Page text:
ASD Gender differences and resources

19 April 2022 | Author: Jason Efremoglou

Autism Spectrum Disorder (ASD) is a neurodevelopmental disorder with a male-to-female prevalence of 4:1. In 2022 there still seems to be misconceptions and stereotyping of individuals presenting with ASD. The main factor contributing to this is the sex differences in presentations of ASD in boys/ girls/ men/ women.

For every 1000 women, approximately 60 are autistic, 12 of whom will be diagnosed by age 18, 48 who will not receive a diagnosis. There are many possible reasons why more males are diagnosed with ASD than females. Traditionally, the known presentations of ASD have been heavily associated with the male presentation, which has led to the 4:1 diagnosis ratio between boys and girls. Researchers have also discovered social, cultural, and genetic differences. For example, there is new genetic evidence for an underlying “female protective effect” which may mean they are more biologically shielded from developing ASD.

But no matter your gender, what's most important is that you're receiving the support you need.

Below are some of the most common differences found between males and females presenting with ASD.

Males tend to...

1. Have more repetitive behaviours like rigid routines and hand-flapping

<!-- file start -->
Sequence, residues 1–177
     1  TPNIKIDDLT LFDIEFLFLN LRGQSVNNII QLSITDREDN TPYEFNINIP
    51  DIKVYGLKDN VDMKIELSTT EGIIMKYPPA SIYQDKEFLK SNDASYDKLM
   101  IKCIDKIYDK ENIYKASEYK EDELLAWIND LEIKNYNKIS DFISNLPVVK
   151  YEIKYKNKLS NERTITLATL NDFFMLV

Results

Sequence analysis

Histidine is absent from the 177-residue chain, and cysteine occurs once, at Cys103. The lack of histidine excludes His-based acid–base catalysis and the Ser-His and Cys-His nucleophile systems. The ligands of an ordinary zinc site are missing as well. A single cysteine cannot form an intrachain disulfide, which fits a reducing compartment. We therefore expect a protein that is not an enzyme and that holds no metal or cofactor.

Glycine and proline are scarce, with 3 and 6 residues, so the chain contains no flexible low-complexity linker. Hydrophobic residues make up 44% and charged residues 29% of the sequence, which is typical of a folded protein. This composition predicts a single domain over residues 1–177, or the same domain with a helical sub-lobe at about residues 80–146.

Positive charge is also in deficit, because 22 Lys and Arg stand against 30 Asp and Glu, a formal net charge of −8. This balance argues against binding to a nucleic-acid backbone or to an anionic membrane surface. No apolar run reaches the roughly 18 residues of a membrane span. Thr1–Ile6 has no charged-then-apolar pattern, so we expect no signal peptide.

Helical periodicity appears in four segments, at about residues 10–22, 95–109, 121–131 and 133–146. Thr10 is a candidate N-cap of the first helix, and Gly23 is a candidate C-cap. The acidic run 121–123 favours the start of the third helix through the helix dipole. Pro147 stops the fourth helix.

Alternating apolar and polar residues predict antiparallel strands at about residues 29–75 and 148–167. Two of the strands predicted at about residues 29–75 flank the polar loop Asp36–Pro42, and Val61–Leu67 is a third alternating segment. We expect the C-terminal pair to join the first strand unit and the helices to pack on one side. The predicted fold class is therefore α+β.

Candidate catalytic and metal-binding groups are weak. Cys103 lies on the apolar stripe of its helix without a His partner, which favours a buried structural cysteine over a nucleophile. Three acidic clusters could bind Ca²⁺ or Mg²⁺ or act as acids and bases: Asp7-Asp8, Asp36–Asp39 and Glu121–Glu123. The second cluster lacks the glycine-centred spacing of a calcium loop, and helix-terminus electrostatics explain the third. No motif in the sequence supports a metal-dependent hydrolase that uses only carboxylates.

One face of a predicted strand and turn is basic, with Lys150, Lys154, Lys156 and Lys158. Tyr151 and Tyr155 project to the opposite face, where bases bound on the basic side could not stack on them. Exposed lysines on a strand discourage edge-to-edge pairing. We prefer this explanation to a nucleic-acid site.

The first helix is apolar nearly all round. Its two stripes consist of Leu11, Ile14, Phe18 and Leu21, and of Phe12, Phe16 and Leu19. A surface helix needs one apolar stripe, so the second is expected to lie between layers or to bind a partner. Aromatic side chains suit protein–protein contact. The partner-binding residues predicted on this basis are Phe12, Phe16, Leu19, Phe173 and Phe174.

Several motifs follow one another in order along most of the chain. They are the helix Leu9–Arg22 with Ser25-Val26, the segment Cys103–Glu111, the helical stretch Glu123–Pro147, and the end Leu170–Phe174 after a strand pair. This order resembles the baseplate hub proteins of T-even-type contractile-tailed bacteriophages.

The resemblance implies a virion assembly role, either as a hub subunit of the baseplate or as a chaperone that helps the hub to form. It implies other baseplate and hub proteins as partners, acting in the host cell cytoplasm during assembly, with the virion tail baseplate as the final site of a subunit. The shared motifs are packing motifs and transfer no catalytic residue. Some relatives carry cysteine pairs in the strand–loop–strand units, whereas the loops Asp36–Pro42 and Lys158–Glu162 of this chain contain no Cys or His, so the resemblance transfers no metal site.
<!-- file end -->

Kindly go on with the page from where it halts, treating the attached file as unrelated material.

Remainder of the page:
2. Have restricted, peculiar and overly-focused interests (e.g., schedules)
3. Struggle more with communication (e.g., slower speech, difficulties finding the right words)
4. Show less responsiveness to nonverbal communication (e.g., poor eye contact and prone to distraction)
5. Feel less need for social inclusivity, engaging in solitude activities
6. Externalise their emotions. As a result, they may be more aggressive, hyperactive, disruptive, and inappropriate

Females tend to...

1. Feel more need for social inclusivity, engaging in 'social camouflage' or 'masking'
2. Have less repetitive behaviours and may appear to follow social norms
3. Have broader and socially acceptable interests (e.g., tv shows/music)
4. Struggle more with motor skills (e.g., clumsy coordination, difficulties skipping and writing)
5. Show more responsiveness to nonverbal communication (e.g., better eye contact and gaze following)
6. Internalise their emotions - As a result, they may be more passive and well-behaved yet anxious and depressed

Below are some recommended resources we have found that may help to further educate our readers on ASD!

Yellow Ladybugs Organisation
@AutisticBlackGirl - Instagram
@AutisticQualia - Instagram
@Happy_nd_lady - Instagram